PC Smith said: “They offered to clean up the graffiti and wanted to formally apologise in a letter. One of the youngsters and his parents also wanted to write a letter to the town, to apologise to the whole community.

“The Benjamin Foundation said there was a cost to put it right and wondered if they would be involved in some fundraising, which they are taking on.”

He added: “They have done a fantastic job of cleaning up the graffiti that they were involved in, but have also cleaned up other graffiti.

“They’ve turned up in the freezing cold and have done very well.

“They’ve done litter picks in the park and washed down the play equipment. Now they’re focusing on fundraising to get the mobile building spruced up.”

PC Smith said restorative justice could have a “positive effect” on both the victims and wrongdoers, enabling one to see that something was being done and the other to understand the impact of the crime.

14 comments

  • to those saying that this isn't taking it far enough, what would you rather have for incidents like this, drag the kids through court and have them given a sentence which lets be honest would more likely be a fine and community service, costing the taxpayers money or for less costs have them own up and see how they can undo the damage they done. As a taxpayer I know which one I would rather see more of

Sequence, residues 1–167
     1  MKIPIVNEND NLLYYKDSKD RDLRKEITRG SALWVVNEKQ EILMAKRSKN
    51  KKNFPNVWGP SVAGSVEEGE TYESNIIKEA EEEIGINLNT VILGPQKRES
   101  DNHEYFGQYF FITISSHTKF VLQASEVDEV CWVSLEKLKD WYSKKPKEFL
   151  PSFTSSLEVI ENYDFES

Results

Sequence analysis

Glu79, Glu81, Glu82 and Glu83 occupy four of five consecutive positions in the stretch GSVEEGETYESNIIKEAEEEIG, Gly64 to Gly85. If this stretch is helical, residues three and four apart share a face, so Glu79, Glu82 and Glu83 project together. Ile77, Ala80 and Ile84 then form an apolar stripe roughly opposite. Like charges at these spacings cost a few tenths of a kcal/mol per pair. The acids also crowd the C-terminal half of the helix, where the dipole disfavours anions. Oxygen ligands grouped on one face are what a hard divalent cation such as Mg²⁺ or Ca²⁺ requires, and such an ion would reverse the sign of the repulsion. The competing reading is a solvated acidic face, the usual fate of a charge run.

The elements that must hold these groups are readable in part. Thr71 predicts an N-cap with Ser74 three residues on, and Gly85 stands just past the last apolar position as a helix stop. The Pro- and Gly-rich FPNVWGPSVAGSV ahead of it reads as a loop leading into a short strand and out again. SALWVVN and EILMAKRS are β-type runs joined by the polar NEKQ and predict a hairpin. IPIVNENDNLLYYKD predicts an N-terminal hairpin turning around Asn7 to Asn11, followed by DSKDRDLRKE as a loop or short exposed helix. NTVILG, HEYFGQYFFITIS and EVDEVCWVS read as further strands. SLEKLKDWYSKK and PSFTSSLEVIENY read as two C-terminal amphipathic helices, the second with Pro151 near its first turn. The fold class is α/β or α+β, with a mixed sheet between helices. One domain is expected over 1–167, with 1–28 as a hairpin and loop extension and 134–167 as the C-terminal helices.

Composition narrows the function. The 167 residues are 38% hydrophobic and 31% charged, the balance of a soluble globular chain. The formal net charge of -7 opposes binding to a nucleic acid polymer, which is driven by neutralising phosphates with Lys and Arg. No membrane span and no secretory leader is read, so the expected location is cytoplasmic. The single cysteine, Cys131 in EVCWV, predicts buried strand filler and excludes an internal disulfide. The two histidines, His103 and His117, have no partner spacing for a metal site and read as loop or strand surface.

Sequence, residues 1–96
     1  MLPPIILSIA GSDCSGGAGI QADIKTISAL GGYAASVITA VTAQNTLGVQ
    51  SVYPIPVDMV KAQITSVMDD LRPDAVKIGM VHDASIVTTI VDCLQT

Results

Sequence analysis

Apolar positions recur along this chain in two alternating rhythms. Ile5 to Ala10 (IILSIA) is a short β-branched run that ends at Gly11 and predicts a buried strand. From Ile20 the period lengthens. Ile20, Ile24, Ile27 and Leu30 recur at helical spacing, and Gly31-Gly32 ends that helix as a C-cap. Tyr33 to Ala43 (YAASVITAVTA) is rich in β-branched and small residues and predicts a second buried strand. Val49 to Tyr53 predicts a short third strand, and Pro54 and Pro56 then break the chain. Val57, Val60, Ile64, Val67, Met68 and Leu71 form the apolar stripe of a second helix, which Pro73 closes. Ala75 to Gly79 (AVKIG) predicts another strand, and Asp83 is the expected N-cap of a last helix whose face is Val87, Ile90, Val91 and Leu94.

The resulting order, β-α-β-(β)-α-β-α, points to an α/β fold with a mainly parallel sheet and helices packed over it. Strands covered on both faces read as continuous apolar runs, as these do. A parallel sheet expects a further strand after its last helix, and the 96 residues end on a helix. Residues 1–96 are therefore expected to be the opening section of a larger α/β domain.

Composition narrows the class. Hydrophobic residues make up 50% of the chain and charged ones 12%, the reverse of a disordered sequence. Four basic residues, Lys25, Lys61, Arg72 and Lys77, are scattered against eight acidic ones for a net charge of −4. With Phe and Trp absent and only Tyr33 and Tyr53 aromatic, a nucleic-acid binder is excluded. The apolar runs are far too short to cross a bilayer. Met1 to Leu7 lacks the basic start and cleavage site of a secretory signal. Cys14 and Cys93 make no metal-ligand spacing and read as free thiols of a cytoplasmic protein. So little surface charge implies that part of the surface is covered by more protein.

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    Reaper99

    Thursday, February 28, 2013

  • Graffiti has been around for at least 3000 years-lets hope this incident will put an end to it all.

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    backwoodsman

    Thursday, February 28, 2013

  • I think the long and the short of it, is that if they had not been caught in the first place, they would not be writing letters (looks very official for a kids letter) and cleaning up. So will this deter others? No, I doubt it, as you have to get caught first before you are forced into cleaning up and writing phoney apologies, and that is only so that you dont get a criminial record.